Tourism March 19, 2021 | 1:40 pm

Dominican tourism sees signs of recovery one year after the total closure

Hotels in the Dominican Republic see “clear signs of recovery” precisely one year after the closure of borders decreed by the pandemic became effective, the effects of which have plunged the arrival of tourists to 1998 levels.

On March 19, 2020, the suspension of flights came into force; there were three and a half months of empty beaches, hundreds of thousands of workers with their jobs suspended, and losses into the millions for the large hotel chains.

In the whole of last year, the Dominican Republic received 2.4 million tourists, a figure that contrasts with the 6.4 million who arrived in the country in 2019. Although the borders were reopened in July, the effect of the pandemic has extended to date and caused a severe blow to the country’s economy as a whole, which had a 6.7% drop in the gross domestic product (GDP) 2020.


The president of the Association of Hotels and Tourism of the Dominican Republic (Asonahores), Rafael Blanco, told Efe that an occupancy rate of 42% is projected for March, which would be the best figure in the last 12 months. “Although we sustained a 62.5% drop in non-resident arrivals during 2020, already in 2021 we see clear signs of recovery, mainly due to the demand generated in the US market, which is our main issuing market,” explained the president of the hotel union.

In Punta Cana, the country’s leading destination, the reservation of rooms has already recovered “to prepandemic levels,” according to the Minister of Tourism, David Collado, said last week. The improvement in reservations and occupancy data occurs despite the fact that Canada, the second largest source of tourists to the Dominican Republic, prohibited trips to the Caribbean until April, which has slowed down the recovery process throughout the region.


As a result of travel restrictions, Dominican hotels continue to reactivate at a slow pace and so far they have reopened 44,000 rooms, according to data from the Ministry of Tourism. According to statistics from the Central Bank, this represents 53% of the 83,000 rooms available in the country at the end of 201k. According to government calculations, at the level of employment, until February,y nearly 100,000 jobs have been recovered, of the 350,000 in the tourism sector before the arrival of covid-19.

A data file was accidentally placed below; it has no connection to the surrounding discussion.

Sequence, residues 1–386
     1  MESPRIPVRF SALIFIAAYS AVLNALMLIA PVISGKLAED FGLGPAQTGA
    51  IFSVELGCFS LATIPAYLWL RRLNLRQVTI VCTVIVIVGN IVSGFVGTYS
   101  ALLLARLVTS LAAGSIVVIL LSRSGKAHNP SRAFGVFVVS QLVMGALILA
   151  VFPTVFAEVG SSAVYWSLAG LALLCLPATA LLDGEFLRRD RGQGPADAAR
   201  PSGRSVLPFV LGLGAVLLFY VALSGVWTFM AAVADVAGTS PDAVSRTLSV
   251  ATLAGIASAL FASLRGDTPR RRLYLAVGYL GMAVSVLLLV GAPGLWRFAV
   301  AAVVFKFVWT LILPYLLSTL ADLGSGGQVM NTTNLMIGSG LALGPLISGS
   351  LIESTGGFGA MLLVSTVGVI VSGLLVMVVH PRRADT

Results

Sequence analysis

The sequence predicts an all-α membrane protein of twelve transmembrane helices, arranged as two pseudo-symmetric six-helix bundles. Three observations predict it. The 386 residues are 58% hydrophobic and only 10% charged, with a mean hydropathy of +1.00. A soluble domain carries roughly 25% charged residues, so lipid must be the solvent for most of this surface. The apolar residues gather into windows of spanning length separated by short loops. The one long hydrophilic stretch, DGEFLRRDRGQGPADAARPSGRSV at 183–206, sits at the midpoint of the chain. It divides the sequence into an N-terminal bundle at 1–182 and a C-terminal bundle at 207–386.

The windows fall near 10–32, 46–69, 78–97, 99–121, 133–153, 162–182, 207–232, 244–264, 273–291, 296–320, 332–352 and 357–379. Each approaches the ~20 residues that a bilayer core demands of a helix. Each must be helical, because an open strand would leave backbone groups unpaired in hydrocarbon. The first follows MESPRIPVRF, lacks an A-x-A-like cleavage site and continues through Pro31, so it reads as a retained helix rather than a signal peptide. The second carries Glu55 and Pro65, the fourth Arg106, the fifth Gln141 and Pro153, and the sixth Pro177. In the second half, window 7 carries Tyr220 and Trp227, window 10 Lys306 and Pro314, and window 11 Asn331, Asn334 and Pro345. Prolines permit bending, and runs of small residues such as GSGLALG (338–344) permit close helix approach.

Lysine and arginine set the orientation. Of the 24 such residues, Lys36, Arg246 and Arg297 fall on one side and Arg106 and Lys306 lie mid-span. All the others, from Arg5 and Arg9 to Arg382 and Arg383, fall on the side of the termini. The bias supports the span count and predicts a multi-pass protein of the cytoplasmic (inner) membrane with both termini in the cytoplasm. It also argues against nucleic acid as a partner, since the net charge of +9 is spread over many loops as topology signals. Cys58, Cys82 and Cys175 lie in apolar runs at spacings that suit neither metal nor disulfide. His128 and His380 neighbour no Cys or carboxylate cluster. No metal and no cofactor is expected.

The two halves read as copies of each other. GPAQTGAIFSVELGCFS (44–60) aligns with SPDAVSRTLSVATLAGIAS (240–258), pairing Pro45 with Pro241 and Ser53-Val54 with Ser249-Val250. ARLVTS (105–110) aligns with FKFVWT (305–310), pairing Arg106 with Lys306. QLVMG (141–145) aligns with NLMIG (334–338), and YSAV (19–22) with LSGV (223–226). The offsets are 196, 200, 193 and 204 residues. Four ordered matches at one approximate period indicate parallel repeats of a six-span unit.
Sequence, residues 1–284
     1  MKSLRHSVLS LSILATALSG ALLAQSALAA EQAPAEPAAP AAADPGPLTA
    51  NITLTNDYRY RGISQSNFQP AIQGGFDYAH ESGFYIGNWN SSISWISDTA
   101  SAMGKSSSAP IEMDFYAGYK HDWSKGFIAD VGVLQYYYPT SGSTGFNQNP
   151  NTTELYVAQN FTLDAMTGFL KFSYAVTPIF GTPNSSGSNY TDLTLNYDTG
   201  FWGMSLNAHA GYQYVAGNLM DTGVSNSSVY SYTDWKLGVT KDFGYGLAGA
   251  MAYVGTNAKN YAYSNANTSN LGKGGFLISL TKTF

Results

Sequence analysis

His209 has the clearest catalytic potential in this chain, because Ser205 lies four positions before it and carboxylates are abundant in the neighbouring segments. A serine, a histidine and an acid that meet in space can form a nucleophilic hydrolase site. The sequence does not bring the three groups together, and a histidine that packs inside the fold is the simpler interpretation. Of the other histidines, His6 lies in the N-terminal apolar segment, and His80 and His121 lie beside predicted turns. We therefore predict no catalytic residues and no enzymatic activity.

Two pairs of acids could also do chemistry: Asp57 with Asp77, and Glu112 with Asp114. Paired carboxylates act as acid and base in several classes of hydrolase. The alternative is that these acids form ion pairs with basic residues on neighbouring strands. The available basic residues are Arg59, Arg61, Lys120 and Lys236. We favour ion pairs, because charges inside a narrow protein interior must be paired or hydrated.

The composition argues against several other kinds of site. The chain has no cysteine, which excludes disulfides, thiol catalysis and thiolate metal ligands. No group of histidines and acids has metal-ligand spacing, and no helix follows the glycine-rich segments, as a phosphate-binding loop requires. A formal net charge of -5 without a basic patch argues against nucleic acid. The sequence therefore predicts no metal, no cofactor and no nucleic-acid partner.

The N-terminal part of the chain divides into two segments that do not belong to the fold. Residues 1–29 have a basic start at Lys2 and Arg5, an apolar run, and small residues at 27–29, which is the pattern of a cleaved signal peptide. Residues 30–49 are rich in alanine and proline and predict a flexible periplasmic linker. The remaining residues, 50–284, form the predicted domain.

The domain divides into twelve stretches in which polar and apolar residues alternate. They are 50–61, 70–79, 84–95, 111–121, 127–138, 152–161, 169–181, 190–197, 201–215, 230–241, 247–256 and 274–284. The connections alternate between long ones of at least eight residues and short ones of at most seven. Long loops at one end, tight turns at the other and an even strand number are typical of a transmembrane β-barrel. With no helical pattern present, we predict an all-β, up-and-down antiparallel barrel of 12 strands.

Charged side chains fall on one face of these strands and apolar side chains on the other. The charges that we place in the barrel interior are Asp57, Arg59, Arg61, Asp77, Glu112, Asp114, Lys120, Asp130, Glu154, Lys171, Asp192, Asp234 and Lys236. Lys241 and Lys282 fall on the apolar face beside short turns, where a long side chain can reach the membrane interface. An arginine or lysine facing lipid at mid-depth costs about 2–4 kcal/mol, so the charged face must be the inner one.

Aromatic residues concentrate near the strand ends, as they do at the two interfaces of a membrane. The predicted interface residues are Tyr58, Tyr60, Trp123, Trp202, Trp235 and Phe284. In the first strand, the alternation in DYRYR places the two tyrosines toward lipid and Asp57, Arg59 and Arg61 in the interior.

The sector’s projections contemplate “a strong increase” in the arrival of tourists starting in the summer, “supported by the successful vaccination process that is being carried out in both the United States and the Dominican Republic,” said the head of Asonahores. For the same reason, the sector also expects that Canada and the main markets in Europe “can be firmly integrated into international tourism in the coming months.” To attract tourism, the Dominican authorities have made efforts to design a special health protocol, which now includes free PCR tests for tourists upon their return to their respective countries.

In a recent visit to the country, the Secretary General of the World Tourism Organization, Zurab Pololikashvili, stated that the Dominican Republic is an example of how tourism can be managed with responsible protocols.

AN ECONOMY WITHOUT TOURISMAccording to data from the Central Bank, the stoppage of tourism meant a drop in income for the national economy of 4.8 billion dollars, which means an annual decrease of 64.3% in this concept. The Dominican Government has been forced to increase the level of indebtedness, to 69.2% of GDP, to pay for social benefits for unemployed workers, face the higher health expenditure due to the pandemic and incentives for economic recovery.

Despite the strong shock to the Dominican economy, it is also the one with the highest growth in Latin America in recent years, the Central Bank predicts a rapid acceleration this year, which will lead to close of 2021 around a growth of between 5.5% and 6.0%.

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